While many watchtowers were merely ghostly shells with window holes, some were surprisingly intact. On several we saw artful brickwork surrounding arched windows; one tower had a complete domed ceiling.
After a scramble up a rubble-strewn incline, we rested in a large watchtower, each sitting on a sill of one of the several windows. According to one theory, the first floor is where weapons were stored. Behind the wall lies a narrow steep staircase. I climbed it on all fours and exited onto the second floor, where Joe said the soldiers might have slept. And, I thought, where I hoped wed sleep.
If an enemy was spotted, fires were lighted in the separate beacon towers to send a warning in code to other soldiers along the wall, who would then pass the alert through other beacon towers. Arrows could be shot from windows and slots in the towers. In places where the parapets were still intact, we saw what are called loop holes square spaces, also for archers.
Over a simple picnic lunch of bread, bananas, sausage and a Chinese version of Lays potato chips, Joe told us we were coming to a forbidden section. Along the top of this 2-mile stretch of wall, timeworn brick met shiny razor wire. Joe said that the bases purpose was a mystery but guessed it was an ammunition depot. I later read that it could be an outpost for military exercises.
Hiking in the brush below the wall to avoid it, we passed by farmers cornfields, pear trees and irrigation canals, by old cottages surrounded by bluebells and tiger lilies. Then we returned to the top, not getting down again until we came to Jinshanling, which means Gold Mountain Ridge, having seen only two other groups of hikers the entire day.
If the weather had been good, our driver would have taken us back near Gubeikou to camp and returned us to the same spot the following morning. But I noticed clouds moving in while we walked the half-mile into Jinshanling, a farming area that has fully embraced Great Wall tourism. The town has been spiffed up with restaurants and shops. My husband and I drank beer at an outdoor picnic table as our boys browsed the stores, and Joe consulted with the tour company to decide if we were going to camp.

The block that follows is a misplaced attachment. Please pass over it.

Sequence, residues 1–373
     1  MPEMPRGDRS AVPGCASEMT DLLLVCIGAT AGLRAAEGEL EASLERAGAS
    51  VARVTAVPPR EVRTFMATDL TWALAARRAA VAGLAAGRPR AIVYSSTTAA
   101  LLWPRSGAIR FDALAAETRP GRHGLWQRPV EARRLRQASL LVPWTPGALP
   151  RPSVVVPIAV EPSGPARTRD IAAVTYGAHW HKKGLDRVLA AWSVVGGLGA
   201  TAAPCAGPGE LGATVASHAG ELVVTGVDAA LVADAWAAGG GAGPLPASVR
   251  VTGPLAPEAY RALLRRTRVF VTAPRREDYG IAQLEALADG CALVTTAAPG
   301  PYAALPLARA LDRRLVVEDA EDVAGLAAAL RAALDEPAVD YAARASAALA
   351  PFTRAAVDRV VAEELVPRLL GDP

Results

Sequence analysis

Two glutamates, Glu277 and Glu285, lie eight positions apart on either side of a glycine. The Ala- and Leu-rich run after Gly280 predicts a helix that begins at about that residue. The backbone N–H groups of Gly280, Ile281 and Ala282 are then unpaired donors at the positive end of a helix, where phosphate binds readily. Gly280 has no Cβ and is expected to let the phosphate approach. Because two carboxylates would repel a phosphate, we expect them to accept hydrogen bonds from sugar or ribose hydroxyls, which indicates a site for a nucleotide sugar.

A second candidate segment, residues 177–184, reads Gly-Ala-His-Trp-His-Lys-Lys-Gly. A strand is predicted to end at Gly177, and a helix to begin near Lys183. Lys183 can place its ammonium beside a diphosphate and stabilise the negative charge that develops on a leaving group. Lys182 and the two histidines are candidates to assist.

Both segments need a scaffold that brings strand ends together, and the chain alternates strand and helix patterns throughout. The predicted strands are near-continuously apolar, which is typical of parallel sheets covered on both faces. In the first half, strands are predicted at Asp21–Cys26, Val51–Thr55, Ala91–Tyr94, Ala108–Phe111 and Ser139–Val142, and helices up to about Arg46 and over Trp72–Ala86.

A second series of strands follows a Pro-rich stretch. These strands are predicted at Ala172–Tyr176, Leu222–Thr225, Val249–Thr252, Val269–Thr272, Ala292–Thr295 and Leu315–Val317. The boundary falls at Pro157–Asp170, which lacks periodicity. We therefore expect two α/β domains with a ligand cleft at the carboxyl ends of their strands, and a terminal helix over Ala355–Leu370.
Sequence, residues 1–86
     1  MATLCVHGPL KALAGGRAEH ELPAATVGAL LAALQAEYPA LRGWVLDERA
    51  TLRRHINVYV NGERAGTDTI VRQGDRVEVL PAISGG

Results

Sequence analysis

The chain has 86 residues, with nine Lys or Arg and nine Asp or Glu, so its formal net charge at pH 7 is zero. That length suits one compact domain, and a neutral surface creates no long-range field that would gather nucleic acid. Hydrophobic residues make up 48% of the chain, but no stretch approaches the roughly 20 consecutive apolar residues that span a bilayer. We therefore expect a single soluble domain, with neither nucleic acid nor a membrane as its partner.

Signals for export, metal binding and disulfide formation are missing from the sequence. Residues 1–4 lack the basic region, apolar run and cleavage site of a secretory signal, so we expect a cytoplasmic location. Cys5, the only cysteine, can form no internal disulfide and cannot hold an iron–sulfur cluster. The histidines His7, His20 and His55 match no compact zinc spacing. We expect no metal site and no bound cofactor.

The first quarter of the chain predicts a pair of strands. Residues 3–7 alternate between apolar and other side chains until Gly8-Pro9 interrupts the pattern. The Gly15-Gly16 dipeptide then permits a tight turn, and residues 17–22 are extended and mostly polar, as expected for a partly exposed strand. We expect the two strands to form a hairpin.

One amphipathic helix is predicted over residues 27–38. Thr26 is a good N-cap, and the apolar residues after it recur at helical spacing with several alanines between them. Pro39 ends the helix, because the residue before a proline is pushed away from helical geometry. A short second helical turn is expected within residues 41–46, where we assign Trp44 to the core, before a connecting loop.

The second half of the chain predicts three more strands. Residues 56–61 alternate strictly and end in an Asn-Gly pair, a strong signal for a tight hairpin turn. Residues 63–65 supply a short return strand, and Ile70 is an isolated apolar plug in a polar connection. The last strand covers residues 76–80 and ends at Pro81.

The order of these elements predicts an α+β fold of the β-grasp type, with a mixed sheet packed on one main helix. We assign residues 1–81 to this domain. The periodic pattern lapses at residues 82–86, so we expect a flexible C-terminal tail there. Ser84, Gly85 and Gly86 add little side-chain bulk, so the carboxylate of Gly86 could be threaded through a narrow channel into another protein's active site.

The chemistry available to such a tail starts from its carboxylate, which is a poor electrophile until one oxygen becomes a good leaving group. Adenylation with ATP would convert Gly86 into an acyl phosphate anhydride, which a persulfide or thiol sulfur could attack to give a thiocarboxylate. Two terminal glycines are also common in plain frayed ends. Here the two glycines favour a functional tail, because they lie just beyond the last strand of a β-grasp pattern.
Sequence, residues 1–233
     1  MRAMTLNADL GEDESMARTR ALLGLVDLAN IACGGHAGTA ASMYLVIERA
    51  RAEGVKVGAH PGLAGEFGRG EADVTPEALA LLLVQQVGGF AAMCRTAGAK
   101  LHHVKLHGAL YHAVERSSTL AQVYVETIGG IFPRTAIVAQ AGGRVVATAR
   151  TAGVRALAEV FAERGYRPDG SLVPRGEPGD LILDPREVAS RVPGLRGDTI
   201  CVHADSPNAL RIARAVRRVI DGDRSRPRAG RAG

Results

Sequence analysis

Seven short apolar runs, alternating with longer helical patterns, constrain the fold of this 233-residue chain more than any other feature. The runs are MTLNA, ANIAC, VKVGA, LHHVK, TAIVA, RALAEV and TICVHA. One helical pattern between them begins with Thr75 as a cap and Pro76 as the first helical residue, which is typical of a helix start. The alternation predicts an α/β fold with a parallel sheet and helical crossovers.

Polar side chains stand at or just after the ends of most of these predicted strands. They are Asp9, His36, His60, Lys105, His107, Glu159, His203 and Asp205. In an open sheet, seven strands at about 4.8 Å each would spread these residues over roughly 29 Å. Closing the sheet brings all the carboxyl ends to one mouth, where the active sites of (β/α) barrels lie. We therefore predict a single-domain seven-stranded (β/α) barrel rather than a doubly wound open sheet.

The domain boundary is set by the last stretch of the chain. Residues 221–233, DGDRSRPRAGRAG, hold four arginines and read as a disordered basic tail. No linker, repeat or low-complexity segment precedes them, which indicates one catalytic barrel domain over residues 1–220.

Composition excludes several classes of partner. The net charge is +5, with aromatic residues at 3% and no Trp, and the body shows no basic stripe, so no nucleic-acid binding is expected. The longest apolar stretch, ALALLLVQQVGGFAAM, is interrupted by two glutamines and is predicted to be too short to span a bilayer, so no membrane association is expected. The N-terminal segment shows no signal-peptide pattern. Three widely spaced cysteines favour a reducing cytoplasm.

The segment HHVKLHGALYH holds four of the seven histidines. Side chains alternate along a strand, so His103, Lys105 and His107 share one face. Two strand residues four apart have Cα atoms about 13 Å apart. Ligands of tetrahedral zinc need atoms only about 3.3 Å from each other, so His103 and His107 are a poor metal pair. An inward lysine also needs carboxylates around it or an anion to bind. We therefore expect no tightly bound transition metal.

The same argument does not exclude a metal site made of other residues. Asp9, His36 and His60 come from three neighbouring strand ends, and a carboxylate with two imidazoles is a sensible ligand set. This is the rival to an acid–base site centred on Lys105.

Finally the word came down: No.
You dont want to be in a watchtower during a thunderstorm, Joe said.
We spent the night at a farmers house in a nearby town of Ba Ke Shi Ying. This smart farmer had built a strip of rooms on his property. Calling it Kang Da Homestay, he caters to newly prosperous Beijingers fleeing the city on weekends.
Tourists from other parts of China go to Badaling; foreign tourists go to Mutianyu, but people from the city come here, Joe told me.
Our very basic rooms hard twin beds, bare floors faced a dense garden bursting with eggplant, kale, cucumbers and green beans.
Our disappointment at not camping was assuaged by the exquisite meal we ate outside under an awning as the rain and thunder began. A seemingly nonstop parade of heaping plates arrived beans and pork, squash and egg, hot pots of potatoes and peppers all homemade with the ingredients growing right in front of us.
By the morning, the rain was gone, replaced by humidity and fog. After a short drive to Jinshanling, we walked back up to the wall to tackle three tough roller-coaster miles to reach Second Valley our adventures ending point.
As we hiked, we marveled at the eerie splendor the fog brought to the ruins. At one watchtower, Joe told us a legend of Hei Gu (Black Girl), who came with her father, a Ming dynasty general, to take care of him as he worked.
One day this tower was hit by lightning, and she died in the fire trying to save it.
I half-suspected the story was a justification for the decision not to camp until I noticed a plaque that confirmed the legends details. I then saw another sign that warned people to get off the wall during thunderstorms. The wall, it said, was the highest point on the ridges and, as such, was especially vulnerable to lightning strikes.
Not camping on the wall, I thought that was the best idea of the whole trip.